Carsharing: Zipcar and Flexcar joining forces

Courtesy of FlexcarEven for people who meet their daily needs by walking, biking or taking transit, sometimes you just need a car. A few years ago, if you didn’t own a car but needed one to use for an hour or a day, your options might have consisted of borrowing a friend’s wheels, or spending 20 minutes in line and filling out 3 pages of paperwork at the rental office — out by the airport.

It’s easy to see the conflict between trying to accommodate automobiles while designing places for people. But what if you could cut down on the number of automobiles in a growing urban area while still providing access to them?

Carsharing gives urban dwellers a better middle-of-the-road option than having to decide between the black and white options of owning a car or two, and committing completely to traveling by other modes. Back in February, I wrote about the rise of car-sharing in our newsletter:

…it might be as simple as walking out the front door of your apartment building and around the corner and waving a special keycard over the front window of the hundreds or more of available cars parked at convenient locations across the city. After your trip, you simply return the car to the dedicated parking space where you found it. Flexcar and Zipcar have both reached agreements with transit services across the country to have permanent spaces for their cars near bus and rail stations. Many city dwellers may own and park a car that they drive only once or twice a week.

The Washington Post chronicled the news today that these two biggest carsharing companies are merging into one company in hopes of reaching profitability. It’s been a privately-funded venture for the first few years, and while some markets for each company have been profitable, both companies have been sinking their profits into expansion into new and existing markets.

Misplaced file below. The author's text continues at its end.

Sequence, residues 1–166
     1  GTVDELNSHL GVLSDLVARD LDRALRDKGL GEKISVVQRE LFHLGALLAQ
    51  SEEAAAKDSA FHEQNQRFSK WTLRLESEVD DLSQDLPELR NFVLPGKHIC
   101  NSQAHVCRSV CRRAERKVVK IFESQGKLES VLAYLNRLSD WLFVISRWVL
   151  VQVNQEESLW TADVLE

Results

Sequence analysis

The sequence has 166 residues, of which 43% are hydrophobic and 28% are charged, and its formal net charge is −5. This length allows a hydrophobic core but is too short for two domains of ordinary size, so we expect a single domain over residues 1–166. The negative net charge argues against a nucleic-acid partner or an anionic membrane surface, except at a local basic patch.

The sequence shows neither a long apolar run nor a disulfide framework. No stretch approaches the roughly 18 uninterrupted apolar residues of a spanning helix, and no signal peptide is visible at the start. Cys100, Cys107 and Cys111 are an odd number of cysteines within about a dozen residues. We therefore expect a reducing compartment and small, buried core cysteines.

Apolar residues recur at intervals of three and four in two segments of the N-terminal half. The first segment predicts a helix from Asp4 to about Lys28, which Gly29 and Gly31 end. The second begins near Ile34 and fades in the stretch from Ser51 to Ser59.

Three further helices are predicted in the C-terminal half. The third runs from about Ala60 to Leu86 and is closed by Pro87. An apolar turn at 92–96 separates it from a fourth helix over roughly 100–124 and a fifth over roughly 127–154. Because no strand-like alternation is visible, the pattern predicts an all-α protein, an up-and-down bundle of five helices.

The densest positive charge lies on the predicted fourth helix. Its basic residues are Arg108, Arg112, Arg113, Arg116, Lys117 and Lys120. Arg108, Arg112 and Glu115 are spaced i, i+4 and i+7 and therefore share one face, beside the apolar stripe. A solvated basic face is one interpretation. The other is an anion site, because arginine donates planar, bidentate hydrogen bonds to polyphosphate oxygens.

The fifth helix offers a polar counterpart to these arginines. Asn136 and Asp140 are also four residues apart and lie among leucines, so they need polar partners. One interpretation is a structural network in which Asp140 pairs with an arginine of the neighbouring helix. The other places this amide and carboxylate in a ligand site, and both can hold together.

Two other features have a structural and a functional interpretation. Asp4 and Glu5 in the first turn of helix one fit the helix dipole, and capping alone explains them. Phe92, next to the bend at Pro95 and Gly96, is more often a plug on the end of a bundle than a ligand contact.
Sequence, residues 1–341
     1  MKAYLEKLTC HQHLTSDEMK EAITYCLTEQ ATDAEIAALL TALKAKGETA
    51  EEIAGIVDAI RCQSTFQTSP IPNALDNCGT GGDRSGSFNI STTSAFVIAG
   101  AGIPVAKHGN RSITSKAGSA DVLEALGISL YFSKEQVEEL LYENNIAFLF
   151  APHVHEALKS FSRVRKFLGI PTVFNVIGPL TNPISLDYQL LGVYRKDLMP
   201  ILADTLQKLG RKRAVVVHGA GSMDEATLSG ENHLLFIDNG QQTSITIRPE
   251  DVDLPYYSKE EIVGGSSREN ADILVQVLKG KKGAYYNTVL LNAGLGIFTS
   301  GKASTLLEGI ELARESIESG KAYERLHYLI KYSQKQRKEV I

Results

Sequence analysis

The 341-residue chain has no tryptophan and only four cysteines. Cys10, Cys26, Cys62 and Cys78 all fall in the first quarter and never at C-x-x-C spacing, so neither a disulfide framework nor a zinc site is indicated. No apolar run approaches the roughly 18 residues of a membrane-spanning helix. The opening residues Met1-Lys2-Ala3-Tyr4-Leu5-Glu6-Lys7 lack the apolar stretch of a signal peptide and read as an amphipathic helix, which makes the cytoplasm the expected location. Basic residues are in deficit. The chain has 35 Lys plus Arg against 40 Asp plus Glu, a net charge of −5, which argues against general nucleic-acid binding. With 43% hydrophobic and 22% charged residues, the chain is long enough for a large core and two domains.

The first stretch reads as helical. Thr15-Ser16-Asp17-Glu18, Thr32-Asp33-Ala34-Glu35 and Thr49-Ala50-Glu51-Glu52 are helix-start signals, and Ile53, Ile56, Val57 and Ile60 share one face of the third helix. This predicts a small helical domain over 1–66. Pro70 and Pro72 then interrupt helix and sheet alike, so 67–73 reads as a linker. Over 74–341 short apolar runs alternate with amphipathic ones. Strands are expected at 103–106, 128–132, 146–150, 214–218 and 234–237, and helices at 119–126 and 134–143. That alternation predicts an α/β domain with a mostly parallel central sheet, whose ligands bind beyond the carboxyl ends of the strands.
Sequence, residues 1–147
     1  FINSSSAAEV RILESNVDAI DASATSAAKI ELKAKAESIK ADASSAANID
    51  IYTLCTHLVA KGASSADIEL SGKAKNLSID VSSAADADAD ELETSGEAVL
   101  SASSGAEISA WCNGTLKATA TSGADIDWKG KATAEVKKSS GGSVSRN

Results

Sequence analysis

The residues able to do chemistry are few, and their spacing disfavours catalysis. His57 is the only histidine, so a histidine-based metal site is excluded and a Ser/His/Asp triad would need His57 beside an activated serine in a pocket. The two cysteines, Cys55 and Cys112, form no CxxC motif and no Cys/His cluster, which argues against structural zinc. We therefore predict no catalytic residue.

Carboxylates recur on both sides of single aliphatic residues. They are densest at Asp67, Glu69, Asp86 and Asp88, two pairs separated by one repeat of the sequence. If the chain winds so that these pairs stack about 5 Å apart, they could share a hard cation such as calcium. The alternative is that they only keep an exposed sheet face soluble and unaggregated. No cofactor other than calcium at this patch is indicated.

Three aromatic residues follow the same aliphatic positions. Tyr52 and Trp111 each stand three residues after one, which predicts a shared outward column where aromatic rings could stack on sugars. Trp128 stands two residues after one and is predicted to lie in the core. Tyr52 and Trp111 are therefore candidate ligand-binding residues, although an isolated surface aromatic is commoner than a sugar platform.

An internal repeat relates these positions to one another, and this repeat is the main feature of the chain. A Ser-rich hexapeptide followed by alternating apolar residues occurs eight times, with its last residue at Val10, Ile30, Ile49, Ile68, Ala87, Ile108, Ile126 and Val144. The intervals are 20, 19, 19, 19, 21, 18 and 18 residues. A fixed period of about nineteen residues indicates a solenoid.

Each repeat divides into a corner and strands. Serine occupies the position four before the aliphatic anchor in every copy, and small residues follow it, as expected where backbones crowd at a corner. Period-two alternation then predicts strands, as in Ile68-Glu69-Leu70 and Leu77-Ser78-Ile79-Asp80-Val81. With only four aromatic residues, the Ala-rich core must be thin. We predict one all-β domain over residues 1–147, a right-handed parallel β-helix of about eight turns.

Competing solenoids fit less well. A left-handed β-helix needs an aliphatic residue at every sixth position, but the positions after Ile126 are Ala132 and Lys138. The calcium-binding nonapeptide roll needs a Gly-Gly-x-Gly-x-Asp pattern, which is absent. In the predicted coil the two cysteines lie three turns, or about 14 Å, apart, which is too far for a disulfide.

My wife and I joined Flexcar last year, and have loved the usefulness of the service. In the interest of full disclosure, my wife and I own one car (rather, a small truck). She takes the train to work and I usually bike ten minutes to the office, so it goes unused most days. We affectionately call it our “getaway vehicle” since we mostly just use it to go camping or to destinations out of our neighborhood that we can’t reach on Metro or bike. It’s merely one of several transportation options.

When we moved to Washington, we sold our other car, mostly because we knew there would be other options. We debated going carless completely, but that seemed so far away from what we were used to that it was hard to envision. After using Flexcar (mostly to drive family or friends around since our car only holds two), we’ve come to grips with the fact that we could easily live without the car we still own. Thanks for services like Flexcar, giving up our car wouldn’t mean we were giving up the option to [easily] drive one.

The statistics back up experiences like ours. From the same newsletter:

Flexcar and Zipcar claim that each of their cars put into service removes up to 15-20 private automobiles from the road. Zipcar even found out that 40 percent of their members decide against purchasing a car, or end up selling their current car. An incidental benefit is both companies use of fuel-efficient cars — some hybrids — and newer cars that emit less pollution than older cars.

Some other interesting factoids from Zipcar:

courtesy of ZipcarEach Zipcar takes over 20 personally owned vehicles off the road.

Since each Zipcar takes over 20 cars off the road, less land and financial resources are needed to provide parking infrastructure.

Zipcar members drove 5295 miles/year prior to joining Zipcar. The average Zipcar member currently drives only 369 miles/year.

Members of Zipcar and car sharing programs report a 47% increase in public transit trips, a 10% increase in bicycling trips and a 26% increase in walking trips.

Zipcar is part of the urban transportation mix. With Zipcar, members are more likely to take advantage of all methods of transportation. Zipcar members use cars only when they need to, and often walk or bike more, resulting in healthier residents.

At Zipcar’s current membership adoption rates, Zipcar and other agencies anticipate that well over 10% of an urban population will participate in Zipcar’s car sharing service. In Washington DC, for example, with a current population of over 600,000 residents, a conservative 10% adoption would result in 60,000 car sharing members throughout the city. At scale, over 24,000 vehicles would be taken off the road. Zipcar already has a 10% adoption in areas throughout all of its established metro markets.